July ‘18
A Filmmaker like No Other

July ‘18
Amir Ramses
Amir Ramses


    


Taught by the best, only to present us the best – Amir Ramses is one of the most radiant names in the filmmaking industry, known for his unique work and exceptional talent. After having worked as an assistant director with the iconic Youssef Chahine, Amir Ramses now continues to add masterpieces to his filmographic repertoire of international films.

What sparked your interest to be in the movie industry?

It all began when I went to watch ‘Eskendereya Kaman We Kaman’ (Alexandria Again and Again) at the cinema, and this was the start of a dream. Before that, I vaguely loved cinema and films, but at such a young age, you’re oblivious  curious about who is actually behind the scene creating this world. That film was an anomaly with an unusual story. It felt like some sort of exploration of the director’s emotions and his world up close. It reflects the director’s life and the pain he endures in order to make the film; that was what caught my attention – that there’s something called a filmmaker and a director. I then knew that I wanted to enter this world, and that I wanted to tell my stories that way.


Some artists claim that acting mainly depends on talent, while others favor studies. Is it the same thing when it comes to directing?

Yes, one way or the other, you have to have them both. They’re dissimilar in the sense that acting schools are still developing and changing, and there’s a variety in the craft, so actors could end up enrolling in a school without knowing whether or not they belong there. Directing is different. A huge part of it is related to talent, but another part relies on the craft with all its technicalities.Whereas acting depends mainly on building a character out of emotions, and making it come to life, directing works with cameras, camera angles, lighting, colors, camera movements, editing and sound designing. You cannot miss any of these technical elements when you’re being educated about the field; you are talking about the components of making a film so you need to be well-aware of each and how it works. If you don’t have the talent, you’ll make a good technical director, but you’ll never be an exceptional director. On so many levels, my education has benefited me.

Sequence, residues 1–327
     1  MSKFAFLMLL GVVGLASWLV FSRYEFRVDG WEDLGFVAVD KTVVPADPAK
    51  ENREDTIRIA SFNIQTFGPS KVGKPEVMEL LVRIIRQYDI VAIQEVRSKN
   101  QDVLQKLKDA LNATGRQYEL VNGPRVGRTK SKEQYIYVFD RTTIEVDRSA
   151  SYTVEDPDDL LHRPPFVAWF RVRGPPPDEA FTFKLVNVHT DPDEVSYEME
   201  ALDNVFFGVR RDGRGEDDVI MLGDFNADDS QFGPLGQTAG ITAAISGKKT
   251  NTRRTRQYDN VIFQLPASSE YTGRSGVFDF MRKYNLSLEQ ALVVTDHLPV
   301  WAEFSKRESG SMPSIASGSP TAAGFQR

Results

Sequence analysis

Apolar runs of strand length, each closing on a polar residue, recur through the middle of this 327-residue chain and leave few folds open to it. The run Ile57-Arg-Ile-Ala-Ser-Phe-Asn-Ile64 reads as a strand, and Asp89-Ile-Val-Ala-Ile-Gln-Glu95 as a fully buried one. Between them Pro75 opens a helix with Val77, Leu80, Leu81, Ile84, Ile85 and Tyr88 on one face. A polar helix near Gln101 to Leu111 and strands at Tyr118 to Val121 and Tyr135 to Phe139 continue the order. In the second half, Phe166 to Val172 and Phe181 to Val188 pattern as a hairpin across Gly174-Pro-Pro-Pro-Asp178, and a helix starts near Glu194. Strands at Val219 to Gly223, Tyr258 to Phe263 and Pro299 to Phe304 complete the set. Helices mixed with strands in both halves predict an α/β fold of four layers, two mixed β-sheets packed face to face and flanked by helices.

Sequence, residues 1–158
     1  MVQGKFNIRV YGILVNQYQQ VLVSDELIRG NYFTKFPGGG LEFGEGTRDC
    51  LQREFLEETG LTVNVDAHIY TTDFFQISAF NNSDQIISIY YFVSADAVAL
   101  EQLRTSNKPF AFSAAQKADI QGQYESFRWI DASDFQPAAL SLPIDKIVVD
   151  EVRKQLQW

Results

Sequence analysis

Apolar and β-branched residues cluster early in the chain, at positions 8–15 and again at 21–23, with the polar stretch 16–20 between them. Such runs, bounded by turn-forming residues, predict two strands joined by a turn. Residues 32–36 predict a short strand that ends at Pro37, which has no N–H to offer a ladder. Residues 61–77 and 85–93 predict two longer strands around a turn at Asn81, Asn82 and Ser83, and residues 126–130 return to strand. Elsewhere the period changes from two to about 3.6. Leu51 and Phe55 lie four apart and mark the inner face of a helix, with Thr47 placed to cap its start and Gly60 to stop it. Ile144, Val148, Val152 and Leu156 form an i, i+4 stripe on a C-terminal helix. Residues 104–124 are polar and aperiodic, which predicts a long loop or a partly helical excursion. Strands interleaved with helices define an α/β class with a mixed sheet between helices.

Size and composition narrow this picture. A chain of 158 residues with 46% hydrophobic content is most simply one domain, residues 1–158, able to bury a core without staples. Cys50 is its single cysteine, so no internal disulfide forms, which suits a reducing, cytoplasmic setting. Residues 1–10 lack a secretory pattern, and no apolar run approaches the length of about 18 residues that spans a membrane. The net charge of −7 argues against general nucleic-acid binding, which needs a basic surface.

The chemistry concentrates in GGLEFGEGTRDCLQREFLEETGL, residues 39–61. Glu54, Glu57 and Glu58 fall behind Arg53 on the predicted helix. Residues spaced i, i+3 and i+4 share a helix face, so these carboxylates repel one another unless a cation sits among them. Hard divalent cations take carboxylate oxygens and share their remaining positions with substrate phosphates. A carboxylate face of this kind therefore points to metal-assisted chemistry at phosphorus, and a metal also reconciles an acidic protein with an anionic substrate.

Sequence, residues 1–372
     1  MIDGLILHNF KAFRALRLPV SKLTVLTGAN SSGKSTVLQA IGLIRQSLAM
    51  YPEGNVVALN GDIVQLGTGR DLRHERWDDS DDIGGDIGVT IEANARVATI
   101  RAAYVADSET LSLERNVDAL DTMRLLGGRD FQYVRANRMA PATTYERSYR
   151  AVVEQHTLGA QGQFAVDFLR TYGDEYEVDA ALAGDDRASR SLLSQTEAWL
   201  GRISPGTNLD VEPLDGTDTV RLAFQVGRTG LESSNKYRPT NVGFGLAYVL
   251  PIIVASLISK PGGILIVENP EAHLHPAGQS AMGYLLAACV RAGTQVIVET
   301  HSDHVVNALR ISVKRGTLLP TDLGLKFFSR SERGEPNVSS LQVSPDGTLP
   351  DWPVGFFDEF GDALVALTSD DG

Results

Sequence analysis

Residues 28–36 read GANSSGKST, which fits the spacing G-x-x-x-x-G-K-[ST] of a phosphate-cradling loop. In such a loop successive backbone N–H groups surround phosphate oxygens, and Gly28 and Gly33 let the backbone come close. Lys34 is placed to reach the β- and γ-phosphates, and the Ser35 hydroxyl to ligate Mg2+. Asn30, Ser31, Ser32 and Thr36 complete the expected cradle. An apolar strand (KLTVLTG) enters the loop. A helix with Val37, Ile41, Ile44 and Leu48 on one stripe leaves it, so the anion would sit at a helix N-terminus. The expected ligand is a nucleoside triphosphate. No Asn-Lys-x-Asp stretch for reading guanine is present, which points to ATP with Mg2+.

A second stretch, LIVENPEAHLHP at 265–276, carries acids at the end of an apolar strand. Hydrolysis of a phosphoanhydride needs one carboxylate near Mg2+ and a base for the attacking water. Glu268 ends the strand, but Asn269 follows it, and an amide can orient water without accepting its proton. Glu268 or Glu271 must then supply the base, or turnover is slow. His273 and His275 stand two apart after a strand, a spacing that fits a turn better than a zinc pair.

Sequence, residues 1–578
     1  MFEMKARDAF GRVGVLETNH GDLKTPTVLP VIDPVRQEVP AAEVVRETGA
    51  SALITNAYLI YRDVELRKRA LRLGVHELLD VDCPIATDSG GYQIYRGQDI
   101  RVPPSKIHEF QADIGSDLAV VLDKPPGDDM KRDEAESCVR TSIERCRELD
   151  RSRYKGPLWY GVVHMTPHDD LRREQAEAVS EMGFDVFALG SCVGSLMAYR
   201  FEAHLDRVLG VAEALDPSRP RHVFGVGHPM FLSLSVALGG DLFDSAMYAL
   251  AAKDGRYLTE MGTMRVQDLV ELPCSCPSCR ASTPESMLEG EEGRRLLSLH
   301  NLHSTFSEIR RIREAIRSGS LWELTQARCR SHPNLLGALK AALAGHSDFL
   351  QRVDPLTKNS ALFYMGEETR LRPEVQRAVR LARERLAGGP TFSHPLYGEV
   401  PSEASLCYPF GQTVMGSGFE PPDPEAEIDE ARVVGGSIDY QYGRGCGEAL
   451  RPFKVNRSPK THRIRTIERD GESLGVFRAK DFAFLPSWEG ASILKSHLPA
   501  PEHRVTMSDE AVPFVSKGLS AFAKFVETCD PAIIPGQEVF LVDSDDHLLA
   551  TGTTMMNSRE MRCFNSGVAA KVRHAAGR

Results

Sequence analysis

Based on your experience with him, what makes Chahine an exceptional director?

In the history of cinema worldwide, there are two different types of directors. There is a director who plays the game of the audience, talks the language of the audience and tells the story as it is expected; and this does not make their work less valuable. There are several great directors who made films in common cinema language. But on the other hand, there are directors like Chahine who have constructed their own language, and the game sees a twist here. He tells the story the way he wants to tell it; he’s showing you the world the way he sees it, not the way you want to see it. He takes the viewer inside his head, and that’s the fun and special part. When you compare Chahine with Fillini for example, you see someone who decided to completely get rid of traditional storytelling and wants the game to run with his own rules; that’s when you see what makes his works intriguing. You can recognize his work from a scene. You can easily see his identity.